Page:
American cities are changing from the outer rings to the urban centers, especially in the older, Northeast cities. Neighborhoods once with no money, and subsequently no tax base, now have taxable properties streaming revenue to city governments and enriching communities. This is thanks is great part to the affordable inner city housing and the increasing population willing to make this housing livable.
But there are cities where investors, or home flippers, are likely to see a better return on their investment than in others. Obviously the most affordable piece of real estate in Manhattan are easily three times the cost of an average piece of real estate in a more affordable town like Pittsburgh. So the more affordable cities are the places you’re going to see a better return thanks to the lower overhead and initial investment.
In west Philly, gentrification is spreading like wild fire. Not only are there plenty of original and affordable housing stock right now, the state tax credits for buying homes in this section of the largest city on the list are unmatched anywhere in the nation. But with the young urban professionals being chased out of New York, plenty of them are headed south to the City of Brotherly Love. And they are taking no prisoners. So if you want to get in on the ground floor with your housing investment in Philadelphia, remember time is of the essence.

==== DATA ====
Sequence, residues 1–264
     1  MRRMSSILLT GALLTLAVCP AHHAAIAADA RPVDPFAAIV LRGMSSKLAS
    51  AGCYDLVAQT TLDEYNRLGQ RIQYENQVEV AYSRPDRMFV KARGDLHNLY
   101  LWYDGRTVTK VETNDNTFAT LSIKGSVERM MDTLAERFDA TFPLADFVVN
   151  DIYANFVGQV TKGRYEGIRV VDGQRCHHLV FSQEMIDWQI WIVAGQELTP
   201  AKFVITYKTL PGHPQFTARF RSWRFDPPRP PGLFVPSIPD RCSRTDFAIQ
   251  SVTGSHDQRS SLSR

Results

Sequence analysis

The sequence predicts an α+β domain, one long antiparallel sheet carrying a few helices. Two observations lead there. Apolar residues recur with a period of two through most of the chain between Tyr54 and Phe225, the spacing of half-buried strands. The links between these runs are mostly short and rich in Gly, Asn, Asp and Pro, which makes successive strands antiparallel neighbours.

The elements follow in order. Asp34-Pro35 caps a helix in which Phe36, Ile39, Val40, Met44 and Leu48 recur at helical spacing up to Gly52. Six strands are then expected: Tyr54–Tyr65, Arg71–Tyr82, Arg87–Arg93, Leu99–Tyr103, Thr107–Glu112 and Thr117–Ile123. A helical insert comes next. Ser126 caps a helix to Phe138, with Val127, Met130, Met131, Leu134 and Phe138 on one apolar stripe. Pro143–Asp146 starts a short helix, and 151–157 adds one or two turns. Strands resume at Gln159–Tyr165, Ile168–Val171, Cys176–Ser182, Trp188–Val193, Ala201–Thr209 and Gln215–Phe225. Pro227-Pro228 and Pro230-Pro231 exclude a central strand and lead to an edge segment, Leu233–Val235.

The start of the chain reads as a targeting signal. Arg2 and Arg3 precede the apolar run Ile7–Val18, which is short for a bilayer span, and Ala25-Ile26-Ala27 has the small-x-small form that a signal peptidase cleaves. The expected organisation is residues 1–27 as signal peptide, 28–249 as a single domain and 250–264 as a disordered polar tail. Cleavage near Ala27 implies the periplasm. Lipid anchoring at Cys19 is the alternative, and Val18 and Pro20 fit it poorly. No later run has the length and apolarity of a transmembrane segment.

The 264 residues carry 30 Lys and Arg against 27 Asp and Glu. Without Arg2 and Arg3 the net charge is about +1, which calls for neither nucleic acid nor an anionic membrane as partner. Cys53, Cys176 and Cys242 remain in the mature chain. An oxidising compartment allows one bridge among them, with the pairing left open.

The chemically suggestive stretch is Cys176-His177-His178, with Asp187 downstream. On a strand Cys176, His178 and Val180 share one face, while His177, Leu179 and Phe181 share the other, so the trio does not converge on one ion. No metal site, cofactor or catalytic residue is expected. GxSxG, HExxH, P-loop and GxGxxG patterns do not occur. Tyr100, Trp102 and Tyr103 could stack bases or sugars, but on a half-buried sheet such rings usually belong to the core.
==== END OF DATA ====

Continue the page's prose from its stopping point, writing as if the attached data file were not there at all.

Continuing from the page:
The safest and smallest city on our list– based on crime per capita– Buffalo is a very consistent place to invest in real estate. Staying the course with consistent pricing throughout the housing boom, and avoiding the subsequent bust, you aren’t going to see many bubbles in this town. In combination with the significant building boom in the Buffalo urban core right now, this city is primed for residential investment. And thanks mostly to its comparatively smaller size, it’s impacting real estate prices in every enclave in the city. Also boasting one of the lowest unemployment rates out of most major cities, supporting yourself is also a reality in the Queen City. But not unlike Philadelphia, vacancies are filling up fast, so getting your house quickly will promise the best return on your investment.
This city is currently balancing a crucial line between gentrification and old residents’ resistance. But for the price of a row home in one of the many downtrodden sections of Baltimore, you can buy entire blocks to renovate on your own. With homes going for as cheap as $3,000 in some of the more high-crime areas, it’s safe to say your initial investment in Baltimore can remain quite low. But this city might be for a more of a pioneering type; even though there is plenty of job stability and growth throughout the area (Washington DC is only about an hour and a half away), the city itself has witnessed sizable poverty in recent decades. But every revolution starts with a single bullet– If you build it, they will come.
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